Pile and Knotted Rugs

Hand Knotted Rugs or Pile Antique Carpets

How Rugs and Carpets are Made

What to Consider When Buying Pile Carpets and Hand Knotted Rugs

Pile hand knotted rugs are prized around the world for their durability, intricate designs and incomparable level of detail. No technological advance can successfully replicate the beauty or quality of hand knotted rugs.

These stunning pieces require countless hours of tedious work to produce intricate patterns from yarns that are carefully knotted around a sturdy woven foundation. Many designs employ hairline details that are a single knot wide.

Hand knotted rugs include traditional Persian rugs, silk rugs and primitive wool mats that represent many styles and cultures. The knot count is one specification that shoppers rely on, but that alone cannot determine a rug’s quality. The number of knots per square inch is affected by the foundation material, fiber gauge and knotting techniques. Regardless of the origin or style, hand knotted rugs are the paradigm of this highly evolved handcraft.

Hand Knotted Rugs by Nazmiyal
Hand Knotted Rugs

Pile or Hand Knotted Carpets – The knotted pile carpet is certainly the most familiar type of rug to western consumers. It is also the most luxurious or tactile form of rug, providing a cushion or insulation as well as decorative floor covering.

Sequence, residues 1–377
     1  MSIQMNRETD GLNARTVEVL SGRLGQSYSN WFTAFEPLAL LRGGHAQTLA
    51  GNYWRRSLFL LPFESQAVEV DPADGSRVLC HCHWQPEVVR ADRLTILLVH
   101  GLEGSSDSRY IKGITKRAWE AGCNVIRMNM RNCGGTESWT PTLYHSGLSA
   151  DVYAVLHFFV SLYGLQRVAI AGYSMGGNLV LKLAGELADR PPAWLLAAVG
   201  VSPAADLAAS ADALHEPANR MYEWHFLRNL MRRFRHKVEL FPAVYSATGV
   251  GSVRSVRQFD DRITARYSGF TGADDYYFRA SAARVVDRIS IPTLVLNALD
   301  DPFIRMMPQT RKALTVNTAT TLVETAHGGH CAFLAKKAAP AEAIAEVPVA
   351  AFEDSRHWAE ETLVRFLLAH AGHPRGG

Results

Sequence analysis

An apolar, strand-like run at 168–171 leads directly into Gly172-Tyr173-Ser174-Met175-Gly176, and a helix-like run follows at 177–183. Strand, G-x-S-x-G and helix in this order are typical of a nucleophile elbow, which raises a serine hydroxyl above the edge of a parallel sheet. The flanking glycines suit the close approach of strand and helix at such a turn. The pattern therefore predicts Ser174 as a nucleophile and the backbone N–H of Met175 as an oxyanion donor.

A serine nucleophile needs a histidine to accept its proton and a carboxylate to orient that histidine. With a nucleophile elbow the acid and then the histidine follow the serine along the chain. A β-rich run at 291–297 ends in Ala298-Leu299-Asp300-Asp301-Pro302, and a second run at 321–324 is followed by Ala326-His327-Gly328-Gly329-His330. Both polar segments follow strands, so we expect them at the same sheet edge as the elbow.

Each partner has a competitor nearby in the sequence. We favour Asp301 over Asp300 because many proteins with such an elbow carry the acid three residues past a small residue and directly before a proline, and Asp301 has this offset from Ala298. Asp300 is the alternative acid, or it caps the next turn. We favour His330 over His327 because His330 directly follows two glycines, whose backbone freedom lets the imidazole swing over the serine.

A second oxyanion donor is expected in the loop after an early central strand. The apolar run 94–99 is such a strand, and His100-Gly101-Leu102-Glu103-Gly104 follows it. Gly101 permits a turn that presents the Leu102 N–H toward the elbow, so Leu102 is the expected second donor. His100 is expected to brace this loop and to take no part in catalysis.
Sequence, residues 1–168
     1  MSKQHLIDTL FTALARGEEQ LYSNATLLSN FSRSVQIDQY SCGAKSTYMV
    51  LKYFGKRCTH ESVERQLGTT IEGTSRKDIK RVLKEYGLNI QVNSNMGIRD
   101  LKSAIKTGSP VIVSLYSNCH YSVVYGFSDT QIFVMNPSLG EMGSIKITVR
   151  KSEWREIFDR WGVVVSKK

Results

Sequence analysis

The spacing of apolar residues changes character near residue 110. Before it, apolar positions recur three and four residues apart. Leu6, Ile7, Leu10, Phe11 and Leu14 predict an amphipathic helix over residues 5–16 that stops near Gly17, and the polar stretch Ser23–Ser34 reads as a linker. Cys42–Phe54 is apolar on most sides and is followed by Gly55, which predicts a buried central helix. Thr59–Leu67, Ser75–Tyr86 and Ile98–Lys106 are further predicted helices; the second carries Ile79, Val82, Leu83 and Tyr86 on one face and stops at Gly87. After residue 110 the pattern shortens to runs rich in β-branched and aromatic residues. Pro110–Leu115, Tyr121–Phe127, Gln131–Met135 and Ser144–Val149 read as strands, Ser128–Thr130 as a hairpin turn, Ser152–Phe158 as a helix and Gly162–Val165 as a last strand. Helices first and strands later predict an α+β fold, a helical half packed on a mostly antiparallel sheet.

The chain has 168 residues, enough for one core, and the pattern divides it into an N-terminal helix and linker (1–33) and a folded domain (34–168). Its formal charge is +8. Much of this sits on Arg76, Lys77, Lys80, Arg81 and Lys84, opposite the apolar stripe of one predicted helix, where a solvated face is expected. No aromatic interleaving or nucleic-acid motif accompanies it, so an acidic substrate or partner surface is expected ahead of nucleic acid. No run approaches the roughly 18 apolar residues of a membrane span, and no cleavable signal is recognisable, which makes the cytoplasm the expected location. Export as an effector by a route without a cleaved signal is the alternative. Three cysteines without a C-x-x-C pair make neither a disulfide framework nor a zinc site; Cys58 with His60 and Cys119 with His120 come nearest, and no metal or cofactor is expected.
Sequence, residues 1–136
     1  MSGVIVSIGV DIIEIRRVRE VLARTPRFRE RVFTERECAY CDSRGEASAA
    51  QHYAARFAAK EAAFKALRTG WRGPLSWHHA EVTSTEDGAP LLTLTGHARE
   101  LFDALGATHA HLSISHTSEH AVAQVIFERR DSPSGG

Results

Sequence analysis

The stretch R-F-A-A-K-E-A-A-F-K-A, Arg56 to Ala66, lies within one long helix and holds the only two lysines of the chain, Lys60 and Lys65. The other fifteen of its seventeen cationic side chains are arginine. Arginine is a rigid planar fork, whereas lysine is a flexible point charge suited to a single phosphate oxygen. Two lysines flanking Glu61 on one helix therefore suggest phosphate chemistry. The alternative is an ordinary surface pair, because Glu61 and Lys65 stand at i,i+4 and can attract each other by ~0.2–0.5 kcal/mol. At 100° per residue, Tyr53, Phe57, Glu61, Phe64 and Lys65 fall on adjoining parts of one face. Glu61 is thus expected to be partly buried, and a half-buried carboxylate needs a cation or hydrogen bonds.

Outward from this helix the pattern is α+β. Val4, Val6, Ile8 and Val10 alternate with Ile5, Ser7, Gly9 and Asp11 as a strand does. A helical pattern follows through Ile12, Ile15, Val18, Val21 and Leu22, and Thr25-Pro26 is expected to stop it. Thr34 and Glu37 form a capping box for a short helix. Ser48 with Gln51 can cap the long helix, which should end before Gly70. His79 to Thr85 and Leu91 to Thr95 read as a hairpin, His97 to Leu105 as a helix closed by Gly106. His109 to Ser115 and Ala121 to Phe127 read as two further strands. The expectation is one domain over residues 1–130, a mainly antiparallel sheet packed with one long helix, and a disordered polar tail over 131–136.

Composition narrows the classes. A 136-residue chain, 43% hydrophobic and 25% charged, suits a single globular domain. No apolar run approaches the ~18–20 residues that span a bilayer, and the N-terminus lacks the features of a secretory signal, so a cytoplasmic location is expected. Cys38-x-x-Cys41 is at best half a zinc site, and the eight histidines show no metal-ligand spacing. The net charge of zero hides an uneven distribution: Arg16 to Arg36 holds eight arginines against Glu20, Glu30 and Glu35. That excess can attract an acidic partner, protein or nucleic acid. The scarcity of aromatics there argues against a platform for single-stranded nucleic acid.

The term knotting, however, is a misnomer for the most part. Most types of knotted rugs are produced by looping short lengths of yarn around successive pairs of warps in horizontal rows, and letting the excess wool hang downward in a shaggy mass.

These loops may be done in a few different configurations. The rows of knots are followed by several passes of wefts which pass through the warps as a foundation, binding the rug together, and which also space out the rows of knots to keep them from becoming too dense.

The shaggy ends of the knots may be trimmed as the carpet is being woven, or after it has been completed. This trimming creates the surface of the pile. If left long, the pile is shaggy and fur-like. If clipped low, it is velvety in texture. Low pile is better for intricate designs since changes in color appear sharper and crisper. High or long pile has a fuzzier texture and visual effect that works better for bolder, simpler large-scale designs.